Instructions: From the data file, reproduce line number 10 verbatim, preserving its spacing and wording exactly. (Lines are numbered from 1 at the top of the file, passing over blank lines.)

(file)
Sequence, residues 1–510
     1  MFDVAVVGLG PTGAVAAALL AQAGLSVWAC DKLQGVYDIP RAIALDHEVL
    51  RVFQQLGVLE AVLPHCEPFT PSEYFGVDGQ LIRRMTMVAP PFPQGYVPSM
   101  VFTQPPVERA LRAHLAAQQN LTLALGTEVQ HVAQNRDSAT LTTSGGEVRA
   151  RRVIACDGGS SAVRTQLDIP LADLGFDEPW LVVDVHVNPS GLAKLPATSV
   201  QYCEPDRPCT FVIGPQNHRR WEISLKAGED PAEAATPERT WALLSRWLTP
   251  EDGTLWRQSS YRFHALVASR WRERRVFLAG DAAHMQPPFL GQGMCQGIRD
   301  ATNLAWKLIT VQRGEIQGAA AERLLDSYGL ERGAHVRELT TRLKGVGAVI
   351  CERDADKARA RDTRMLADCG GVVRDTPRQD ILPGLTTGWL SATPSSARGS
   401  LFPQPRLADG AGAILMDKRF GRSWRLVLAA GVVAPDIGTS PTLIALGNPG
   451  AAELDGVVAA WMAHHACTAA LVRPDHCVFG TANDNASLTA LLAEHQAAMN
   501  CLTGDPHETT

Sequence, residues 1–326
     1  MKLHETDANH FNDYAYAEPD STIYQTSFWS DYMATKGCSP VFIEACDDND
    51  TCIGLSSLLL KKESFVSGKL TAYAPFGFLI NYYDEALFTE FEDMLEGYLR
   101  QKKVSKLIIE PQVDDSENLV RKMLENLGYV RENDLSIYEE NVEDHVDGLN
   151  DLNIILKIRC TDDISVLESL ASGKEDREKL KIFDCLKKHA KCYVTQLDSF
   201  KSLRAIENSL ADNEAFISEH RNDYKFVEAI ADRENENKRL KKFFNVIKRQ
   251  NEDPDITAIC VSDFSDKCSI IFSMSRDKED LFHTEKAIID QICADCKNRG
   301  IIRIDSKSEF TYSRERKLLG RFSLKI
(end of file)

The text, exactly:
   401  LFPQPRLADG AGAILMDKRF GRSWRLVLAA GVVAPDIGTS PTLIALGNPG